Two years in, COVID-19 has just about everyone exhausted. Even people in the cleaning product industry, which has reaped the benefit of unprecedented demand for cleaning and disinfection, are eager to talk about something else. If they get their pick, that something else is sustainability.
New and established suppliers arrived in person to the 2022 meeting of the American Cleaning Institute (ACI) in Orlando, Florida, ready with pitches centered on their small carbon footprints, biobased ingredients, and other measures of environmental responsibility.
Ethanol maker CIE, for example, came looking for new customers for its corn ethanol just days after being certified as carbon neutral by an independent auditor. The industrial gas company Air Products and Chemicals captures carbon dioxide from the firm’s Indiana plant, cleans it up to food grade, and sells it to food and beverage makers.
CIE sales director Bret Happel said carbon neutrality gives the firm an edge over many of its competitors in the ethanol business as more and more consumer product companies look to add low-carbon claims to their labels. Anticipating continued growth in demand for carbon-neutral ethanol from cleaning product, beverage, and pharmaceutical markets, the firm is shopping for sites in Iowa and Nebraska for a new plant. Happel said 97% of its existing capacity is spoken for.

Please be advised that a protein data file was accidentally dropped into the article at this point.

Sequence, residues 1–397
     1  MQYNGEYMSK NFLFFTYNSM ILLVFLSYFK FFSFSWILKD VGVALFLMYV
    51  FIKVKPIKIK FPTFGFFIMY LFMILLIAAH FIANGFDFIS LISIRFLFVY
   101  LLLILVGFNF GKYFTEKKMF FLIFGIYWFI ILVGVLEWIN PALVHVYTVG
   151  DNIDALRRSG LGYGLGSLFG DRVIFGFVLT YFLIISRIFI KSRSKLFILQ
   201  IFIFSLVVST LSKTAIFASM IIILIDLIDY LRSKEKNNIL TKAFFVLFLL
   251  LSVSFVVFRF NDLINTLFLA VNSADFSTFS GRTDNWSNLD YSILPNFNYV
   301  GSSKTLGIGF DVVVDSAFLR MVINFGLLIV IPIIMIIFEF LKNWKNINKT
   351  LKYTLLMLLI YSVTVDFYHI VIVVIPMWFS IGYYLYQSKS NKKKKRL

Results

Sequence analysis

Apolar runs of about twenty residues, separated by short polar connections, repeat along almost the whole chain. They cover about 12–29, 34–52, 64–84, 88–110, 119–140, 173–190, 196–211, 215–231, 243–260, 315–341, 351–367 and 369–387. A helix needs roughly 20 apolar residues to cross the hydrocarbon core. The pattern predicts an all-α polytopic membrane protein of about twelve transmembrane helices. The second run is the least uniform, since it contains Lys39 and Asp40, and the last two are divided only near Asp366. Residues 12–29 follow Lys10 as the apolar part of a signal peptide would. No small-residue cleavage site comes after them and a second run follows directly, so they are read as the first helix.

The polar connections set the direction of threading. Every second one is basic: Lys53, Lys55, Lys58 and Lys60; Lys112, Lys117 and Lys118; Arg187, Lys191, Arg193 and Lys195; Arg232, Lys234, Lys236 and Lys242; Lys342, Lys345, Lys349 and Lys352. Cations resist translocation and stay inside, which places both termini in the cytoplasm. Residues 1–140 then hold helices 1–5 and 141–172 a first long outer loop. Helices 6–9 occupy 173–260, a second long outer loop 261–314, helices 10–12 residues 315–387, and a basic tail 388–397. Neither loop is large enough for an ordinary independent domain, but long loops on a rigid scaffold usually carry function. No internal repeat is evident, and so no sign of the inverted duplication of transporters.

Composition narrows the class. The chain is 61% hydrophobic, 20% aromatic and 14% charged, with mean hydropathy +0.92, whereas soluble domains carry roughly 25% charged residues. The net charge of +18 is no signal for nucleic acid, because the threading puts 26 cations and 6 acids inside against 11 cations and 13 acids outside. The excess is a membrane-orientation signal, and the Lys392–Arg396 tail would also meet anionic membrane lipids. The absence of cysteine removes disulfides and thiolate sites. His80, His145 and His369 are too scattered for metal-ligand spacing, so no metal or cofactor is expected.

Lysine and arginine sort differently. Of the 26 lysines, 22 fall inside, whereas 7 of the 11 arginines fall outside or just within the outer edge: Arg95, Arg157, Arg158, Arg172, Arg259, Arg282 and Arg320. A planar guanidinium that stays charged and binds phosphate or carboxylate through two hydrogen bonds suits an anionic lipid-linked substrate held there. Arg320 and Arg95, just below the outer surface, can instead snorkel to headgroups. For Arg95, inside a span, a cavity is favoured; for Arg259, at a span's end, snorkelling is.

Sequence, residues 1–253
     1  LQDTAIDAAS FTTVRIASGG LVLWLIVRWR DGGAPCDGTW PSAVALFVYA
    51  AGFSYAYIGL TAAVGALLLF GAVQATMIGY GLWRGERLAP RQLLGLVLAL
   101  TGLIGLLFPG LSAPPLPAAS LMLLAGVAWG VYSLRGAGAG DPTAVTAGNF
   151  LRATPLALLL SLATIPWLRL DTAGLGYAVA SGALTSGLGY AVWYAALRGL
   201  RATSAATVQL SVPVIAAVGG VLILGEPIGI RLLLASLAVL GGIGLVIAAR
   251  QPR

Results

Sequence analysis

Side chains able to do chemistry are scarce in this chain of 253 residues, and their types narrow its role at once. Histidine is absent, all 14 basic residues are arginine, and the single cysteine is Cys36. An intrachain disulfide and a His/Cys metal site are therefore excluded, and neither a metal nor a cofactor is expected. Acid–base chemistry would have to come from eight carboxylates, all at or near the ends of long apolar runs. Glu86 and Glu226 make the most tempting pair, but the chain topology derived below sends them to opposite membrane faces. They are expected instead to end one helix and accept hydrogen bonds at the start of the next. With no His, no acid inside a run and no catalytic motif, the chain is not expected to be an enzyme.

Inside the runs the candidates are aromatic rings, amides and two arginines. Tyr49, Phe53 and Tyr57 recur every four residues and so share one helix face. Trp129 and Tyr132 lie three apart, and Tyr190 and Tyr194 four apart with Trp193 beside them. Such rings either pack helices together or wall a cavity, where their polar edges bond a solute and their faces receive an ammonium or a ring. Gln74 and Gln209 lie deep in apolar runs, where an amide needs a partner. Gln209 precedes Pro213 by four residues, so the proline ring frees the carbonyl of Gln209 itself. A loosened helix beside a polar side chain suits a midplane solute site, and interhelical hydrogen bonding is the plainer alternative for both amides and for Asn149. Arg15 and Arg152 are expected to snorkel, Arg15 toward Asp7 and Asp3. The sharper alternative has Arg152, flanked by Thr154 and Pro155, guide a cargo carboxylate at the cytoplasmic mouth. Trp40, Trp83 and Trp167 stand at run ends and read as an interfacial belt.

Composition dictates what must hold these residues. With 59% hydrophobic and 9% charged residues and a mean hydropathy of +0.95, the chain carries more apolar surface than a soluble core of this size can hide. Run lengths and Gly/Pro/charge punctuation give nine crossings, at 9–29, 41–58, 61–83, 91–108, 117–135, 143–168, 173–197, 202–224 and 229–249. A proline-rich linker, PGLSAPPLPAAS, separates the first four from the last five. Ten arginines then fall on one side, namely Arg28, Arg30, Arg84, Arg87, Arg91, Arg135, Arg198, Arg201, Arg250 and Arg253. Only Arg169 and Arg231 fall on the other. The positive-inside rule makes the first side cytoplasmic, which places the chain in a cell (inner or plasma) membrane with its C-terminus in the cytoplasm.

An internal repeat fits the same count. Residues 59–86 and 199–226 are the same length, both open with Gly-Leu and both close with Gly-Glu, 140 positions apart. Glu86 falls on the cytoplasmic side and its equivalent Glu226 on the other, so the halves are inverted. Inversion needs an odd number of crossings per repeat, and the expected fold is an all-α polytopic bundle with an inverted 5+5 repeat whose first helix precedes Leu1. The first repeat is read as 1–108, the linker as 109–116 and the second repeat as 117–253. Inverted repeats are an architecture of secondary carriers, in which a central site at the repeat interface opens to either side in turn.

Sustainability has long been a buzzword at the Orlando meeting, but this year it seemed to have leaped to the top of the priority list. When the meeting last happened in person, in 2020, 1,4-dioxane contamination in workhorse surfactants such as sodium lauryl ether sulfate dominated the conversation, and sustainability was a lesser concern, according to Elvira Greiner, associate director for specialty chemicals at the market research firm IHS Markit. This year, the topic had a central place in almost every public session.
The specialty chemical maker Nouryon, which spun off from AkzoNobel in 2018, was pitching its Dissolvine line of biodegradable chelating agents, which soften water to reduce scaling and improve the performance of surfactants and other cleaning ingredients. The incumbent chelator, ethylenediaminetetraacetic acid, has a long history, but it doesn’t break down in the environment. Nouryon just doubled capacity for its “green chelates,” methylglycine N,N-diacetic trisodium salt and glutamic acid N,N-diacetic tetrasodium salt, with the completion of a plant in the Netherlands, which complements existing facilities in the US and China.